A county councillor in Cork has claimed the local authority “could do more” to tackle the current housing crisis, by building on its own existing housing-zoned landbanks of nearly 130 acres.
Cllr Des O’Grady had sought a written report from Cork County Council on the amount of vacant land it owned and which was already zoned for housing.
He did not receive the information requested as the council’s chief executive Tim Lucey said he was reluctant to release it due to “commercial sensitivity”.
But Cllr O’Grady, Sinn Féin leader in Cork’s County Hall, was able to list off 13 sites which were zoned, but had not yet been developed.
He had secured the information from the Department of Environment, as the council had previously submitted it.
The largest single site not developed is 20.83 acres at Rathgoggin North in Charleville.
The second consists of 17.29 acres in the north Cork village of Kiskeam.
In West Cork, sites in Clonakilty are available at Tawnies and nearby Ring village totalling 13.82 acres and 9.13 acres respectively.
There are sites at Dunmanway (12.59 acres), Ballydehob (7.41), Castletownbere (5.92), Glengarriff (7.41), Coachford (5.18) Ardfield (2.47) and Leap (2.22).
Meanwhile, Millstreet and Mallow have suitable sites for housing — around 13 acres in each town.
Cllr O’Grady described it as “extraordinary” that he couldn’t get this information at a public meeting and said at least 1,500 houses could be built on all these sites.
The councillor was, however, provided with a list of projects which are under way.
The council is designing schemes for up to 65 homes in Ballincollig, 42 in Macroom and a number of smaller projects in Kanturk, Mitchelstown, Blarney and Skibbereen.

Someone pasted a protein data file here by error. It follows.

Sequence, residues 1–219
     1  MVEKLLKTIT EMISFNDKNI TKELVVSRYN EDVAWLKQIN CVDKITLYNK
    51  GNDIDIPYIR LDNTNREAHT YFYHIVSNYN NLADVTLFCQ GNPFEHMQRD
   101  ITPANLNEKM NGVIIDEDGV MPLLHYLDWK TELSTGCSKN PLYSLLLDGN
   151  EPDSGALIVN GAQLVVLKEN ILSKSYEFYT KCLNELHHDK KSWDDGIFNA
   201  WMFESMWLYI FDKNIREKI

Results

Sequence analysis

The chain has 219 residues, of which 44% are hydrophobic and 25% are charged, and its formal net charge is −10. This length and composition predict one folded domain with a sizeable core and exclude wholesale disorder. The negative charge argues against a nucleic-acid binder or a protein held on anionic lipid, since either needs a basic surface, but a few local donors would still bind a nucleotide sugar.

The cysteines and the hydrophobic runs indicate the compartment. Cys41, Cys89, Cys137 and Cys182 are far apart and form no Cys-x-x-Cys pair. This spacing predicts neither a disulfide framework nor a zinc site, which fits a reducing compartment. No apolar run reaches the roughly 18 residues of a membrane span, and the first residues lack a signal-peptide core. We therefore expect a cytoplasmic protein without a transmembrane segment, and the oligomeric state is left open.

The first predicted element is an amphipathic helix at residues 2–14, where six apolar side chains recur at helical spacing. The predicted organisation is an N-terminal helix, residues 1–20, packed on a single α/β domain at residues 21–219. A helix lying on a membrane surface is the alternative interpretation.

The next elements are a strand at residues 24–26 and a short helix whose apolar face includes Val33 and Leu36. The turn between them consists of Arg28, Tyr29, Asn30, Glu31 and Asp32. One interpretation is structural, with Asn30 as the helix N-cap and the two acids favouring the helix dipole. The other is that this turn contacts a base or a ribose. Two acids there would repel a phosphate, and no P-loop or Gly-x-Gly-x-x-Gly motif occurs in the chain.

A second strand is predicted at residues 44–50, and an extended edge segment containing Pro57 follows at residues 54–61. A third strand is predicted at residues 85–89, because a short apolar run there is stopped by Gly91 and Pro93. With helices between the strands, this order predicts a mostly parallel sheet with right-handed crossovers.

Plans are at a slightly more advanced stage at Kilnagleary, Carrigaline for 49 homes, 51 at Beechgrove, Clonakilty, seven at Masseytown, Macroom and an additional 10 at Oliver Plunkett Hill, Fermoy. Cllr O’Grady was critical in the case of the Fermoy development, pointing out the former town council had purchased the Oliver Plunkett Hill site 26 years ago.
Mr Lucey defended the council’s progress on building houses, saying the local authority had, last year, done more than it had been asked for by the Department of Environment.
Mary Ryan, the council’s director of housing, said the construction programme for Social Housing would take “some time to ramp up”.
She said last year the council concentrated on buying new homes from developers, purchasing on the private market for second-hand houses and concentrating on doing up vacant houses in its own stock.
A report circulated to councillors showed 43 houses were either purchased or constructed by the council.
The local authority leased 168 properties and was able to re-let 229 houses from its own stock after they were done up to a standard where they could be allocated to new tenants.
The council’s chief executive said, over the next three years, he hopes the local authority will be in a position to provide 1,217 houses for people on the waiting list.
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